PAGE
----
Analysis of HPs with pBA2 (ribotypes).

The HindIII and EcoRI HPs obtained with pBA2 were determined for the three coagulase-negative staphylococci which could not be classified by the ID32 Staph system (strains 95160, 96388, and 96390) and for a strain representative of each of the genotypes and subtypes of strains from patients (Table (Table1).1). For the latter strains, the assignment to S. epidermidis by the ID32 Staph System was confirmed by the comparative analysis of the ribotypes with those of the validly classified staphylococci already in our database.

Some strains considered to be different on the basis of their SmaI or SstII macrorestriction patterns had the same HPs for both enzymes, as follows: ribotype A for strains 96229, 96389, 96390, 96394, and 96397; ribotype B for strains 96160, 94305, and 96397; and ribotype C for strains 94348, 94351, 96386, and 96388. As reported previously (31), the discriminatory power of ribotyping is not satisfactory for the typing of S. epidermidis strains. Thus, analysis of ribotypes was used only to identify the strains to the species level.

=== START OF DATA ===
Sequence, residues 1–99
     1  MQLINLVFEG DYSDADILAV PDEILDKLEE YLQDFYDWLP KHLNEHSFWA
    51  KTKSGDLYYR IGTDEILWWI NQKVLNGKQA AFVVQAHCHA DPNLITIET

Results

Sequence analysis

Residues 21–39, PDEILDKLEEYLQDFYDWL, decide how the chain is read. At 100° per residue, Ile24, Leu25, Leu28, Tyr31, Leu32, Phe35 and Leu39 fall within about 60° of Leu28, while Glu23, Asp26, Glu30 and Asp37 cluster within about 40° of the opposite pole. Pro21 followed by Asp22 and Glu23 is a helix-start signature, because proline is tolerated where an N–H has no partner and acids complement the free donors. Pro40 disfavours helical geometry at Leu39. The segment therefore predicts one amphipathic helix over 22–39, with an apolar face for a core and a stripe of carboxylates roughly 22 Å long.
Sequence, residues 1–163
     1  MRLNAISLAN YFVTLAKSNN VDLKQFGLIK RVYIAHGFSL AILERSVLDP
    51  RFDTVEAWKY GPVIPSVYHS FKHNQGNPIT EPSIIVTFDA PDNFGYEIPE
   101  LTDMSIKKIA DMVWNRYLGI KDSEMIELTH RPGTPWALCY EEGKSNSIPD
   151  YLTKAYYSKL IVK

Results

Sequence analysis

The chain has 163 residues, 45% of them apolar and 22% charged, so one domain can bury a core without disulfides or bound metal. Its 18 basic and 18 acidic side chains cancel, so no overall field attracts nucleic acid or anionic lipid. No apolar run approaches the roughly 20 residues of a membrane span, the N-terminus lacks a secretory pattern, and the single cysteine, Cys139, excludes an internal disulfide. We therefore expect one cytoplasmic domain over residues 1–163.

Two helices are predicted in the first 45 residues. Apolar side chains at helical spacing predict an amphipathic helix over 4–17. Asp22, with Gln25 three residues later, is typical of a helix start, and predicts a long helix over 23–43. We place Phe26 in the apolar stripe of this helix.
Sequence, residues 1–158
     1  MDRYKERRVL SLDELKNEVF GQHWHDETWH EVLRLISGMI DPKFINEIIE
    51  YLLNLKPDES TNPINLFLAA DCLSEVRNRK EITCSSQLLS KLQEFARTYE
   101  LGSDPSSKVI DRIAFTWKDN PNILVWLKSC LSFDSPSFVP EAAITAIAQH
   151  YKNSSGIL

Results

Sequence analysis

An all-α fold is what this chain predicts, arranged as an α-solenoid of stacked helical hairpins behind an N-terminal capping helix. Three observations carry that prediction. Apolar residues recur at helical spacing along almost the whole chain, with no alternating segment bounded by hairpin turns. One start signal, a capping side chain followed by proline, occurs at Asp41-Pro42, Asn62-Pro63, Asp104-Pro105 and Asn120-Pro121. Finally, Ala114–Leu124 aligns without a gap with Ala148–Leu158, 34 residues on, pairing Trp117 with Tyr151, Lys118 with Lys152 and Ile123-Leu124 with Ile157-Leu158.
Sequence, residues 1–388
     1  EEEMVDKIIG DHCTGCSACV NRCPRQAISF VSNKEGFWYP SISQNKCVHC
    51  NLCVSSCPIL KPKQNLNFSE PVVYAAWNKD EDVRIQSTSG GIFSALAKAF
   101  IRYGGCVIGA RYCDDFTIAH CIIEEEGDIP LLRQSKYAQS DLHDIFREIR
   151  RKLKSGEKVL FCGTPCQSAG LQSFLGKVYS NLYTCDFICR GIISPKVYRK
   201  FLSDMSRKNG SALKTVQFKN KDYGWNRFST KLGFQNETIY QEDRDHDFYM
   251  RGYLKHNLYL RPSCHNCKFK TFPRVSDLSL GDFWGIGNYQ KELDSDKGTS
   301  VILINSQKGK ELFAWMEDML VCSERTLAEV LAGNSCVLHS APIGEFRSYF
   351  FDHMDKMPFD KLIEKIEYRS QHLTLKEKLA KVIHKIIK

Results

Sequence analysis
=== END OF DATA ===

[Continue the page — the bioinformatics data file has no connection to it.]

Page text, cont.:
Analysis of the stability of strain 94351 from patient F.

Although they were clustered in two genotypes, the six strains from patient F were scored as possibly related (fewer than six band differences). Strain 94351 had the largest number of drug resistance markers and was chosen for use in an evaluation of phenotypic and genomic stability after subculturing in brain heart infusion for 900 generations. Three hundred isolated colonies were studied, and two types of variants were detected: (i) those which had lost their oxacillin resistance, for example, strain Rep2, and (ii) those which had lost their resistance to oxacillin and to macrolides-lincosamides-streptogramin B, for example, Rep1 (Table (Table1).1). The loss of oxacillin resistance was associated with the loss of the mecA gene (data not shown). Neither of the two variants selected in vitro had a drug resistance pattern that was the same as those of any of the S. epidermidis strains isolated from the specimens from patient F. The SmaI patterns of strains Rep2 and 94351 were indistinguishable. The SmaI pattern of strain Rep1 differed from that of strain 94351 by five restriction fragments and from that of each of 94348, 94349, and 94350 by six fragments. The variant Rep2 strain was more closely related to the strains from patient F than to those from the 13 other patients (Fig. (Fig.1),1), suggesting that this variant was not a contaminant.